You’ve spent considerable time researching the company you’re about to have a job interview with.
You’re prepared to answer the tough questions and to ask the right questions of your own.
But you may not know about another piece of the interview preparation puzzle.
Power Pose to Ace the Job Interview
About 10 years ago social psychologist Amy Cuddy described a simple, 2-minute preparatory ritual in a TED talk to boost confidence before going into a stressful situation, such as an in-person interview — power posing.
The ritual involved adopting stances associated with confidence, power and achievement — chest lifted, head held high, arms either up or propped on the hips.
You see the stance all the time, when winners of a race victoriously throw their arms into the air, smiling broadly, chin uplifted. Without thinking, little kids adopt the stance, too, when they win a race or achieve something they feel is really big.
In an experiment, Cuddy and her collaborator Dana Carney, directed people to either high-power or low-power pose for 2 minutes.
The results proved that people indeed have more confidence and feel more powerful when they briefly power pose before facing stressful situations.
“Our nonverbals govern how we think and feel about ourselves. Our bodies change our minds.”
Does power posing really work?
Unfortunately, for several years Cuddy’s research was questioned and attacked by fellow social psychologists. Her work was labeled pseudoscience. Her peers said power posing didn’t work. And she faced years of ridicule and nastiness on social media.
But more recently she was vindicated.
As noted by Kim Elsesser, an expert on women’s issues as work:
“Now, Cuddy can legitimately claim that power posing is science. Cuddy’s new academic paper published in March  in Psychological Science, offers ample evidence that adopting an expansive posture makes people feel more powerful.
Cuddy now refers to the effect as postural feedback rather power posing (perhaps to appease those who claimed her research was more pop than science). Cuddy’s analysis examined over 55 studies and clearly demonstrates a link between expansive postures and feelings of power.”
Power posing in action
According to the TED article above, here’s how power posing worked for a woman in finance in the United States:
I power posed before my third interview for a job the other day! Moving onto fourth and final interview on Tuesday!!! I was seriously nervous and power posing calmed me down … Okay, there was a fifth interview today. I was freaking out, so while waiting I walked outside and power posed on the street. I can’t believe how much better I felt. And I did really well on the interview.”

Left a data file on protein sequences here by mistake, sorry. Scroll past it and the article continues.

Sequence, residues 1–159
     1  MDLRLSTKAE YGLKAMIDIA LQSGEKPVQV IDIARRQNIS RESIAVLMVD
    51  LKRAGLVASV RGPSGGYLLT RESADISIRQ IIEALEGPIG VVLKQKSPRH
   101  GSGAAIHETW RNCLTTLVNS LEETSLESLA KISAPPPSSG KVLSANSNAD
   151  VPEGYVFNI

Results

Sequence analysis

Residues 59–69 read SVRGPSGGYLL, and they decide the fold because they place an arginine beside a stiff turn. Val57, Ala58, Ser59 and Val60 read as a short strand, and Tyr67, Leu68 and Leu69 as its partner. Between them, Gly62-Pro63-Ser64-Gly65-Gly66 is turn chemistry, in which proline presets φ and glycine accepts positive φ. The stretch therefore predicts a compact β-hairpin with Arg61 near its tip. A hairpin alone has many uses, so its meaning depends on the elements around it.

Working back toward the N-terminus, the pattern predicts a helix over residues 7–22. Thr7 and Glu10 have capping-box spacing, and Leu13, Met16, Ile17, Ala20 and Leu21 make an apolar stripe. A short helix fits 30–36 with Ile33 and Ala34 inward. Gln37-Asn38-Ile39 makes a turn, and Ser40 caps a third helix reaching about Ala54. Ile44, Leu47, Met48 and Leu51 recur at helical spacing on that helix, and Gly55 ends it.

Here’s my advice.
Determine what kind of pose works best to rev you up.
Then, just before the interview, take 2 minutes in private (find an empty room or even a bathroom) to do your power pose, and get your confidence hormones to kick in.
If you’re about to do a virtual interview at home, it’s even easier to do this.
Sound silly? Maybe. But it might work. You’ve got nothing to lose by trying.
The Science Behind Body Language
An article on BioSpace, a digital hub for news and careers in the Life Sciences, describes kinesics, the science of body language:
“Kinesics includes the use of posture, facial expression, movement and gestures to communicate nonverbally.”
The article offers some basics on using and interpreting body language in job interviews. They advise practicing these actions before interviews, to become comfortable with them:
Open and Confident Body Posture
Walk in with an erect but relaxed posture. Keep your head up with shoulders back, but relaxed. When you sit, choose a position ideal for making eye contact.
In the interview, show you’re listening by leaning slightly forward. Alternate between sitting up and leaning in, to indicate you’re engaged.
Arms and Hands
Don’t fold your arms in front of you. You’ll appear defensive and closed. If your chair has arms, use them. If you’re seated at a table, rest your forearms on it. Here’s what to do with your hands:
Folded Over Each Other: If you’re sitting at a table or desk, placing one hand on top of the other makes you appear confident but relaxed.
Interlaced Fingers: Lightly interlacing your fingers will help if you’re fidgety. But tightly folded fingers may make you look tense.
Steepled: Holding your hands in front of you with fingertips touching makes you look thoughtful but relaxed. But alternate this with the other hand-holding suggestions here, to show you’re engaged.
Virtual Interview: To keep from fidgeting, you can sit on your hands. No one will see that you’re doing this.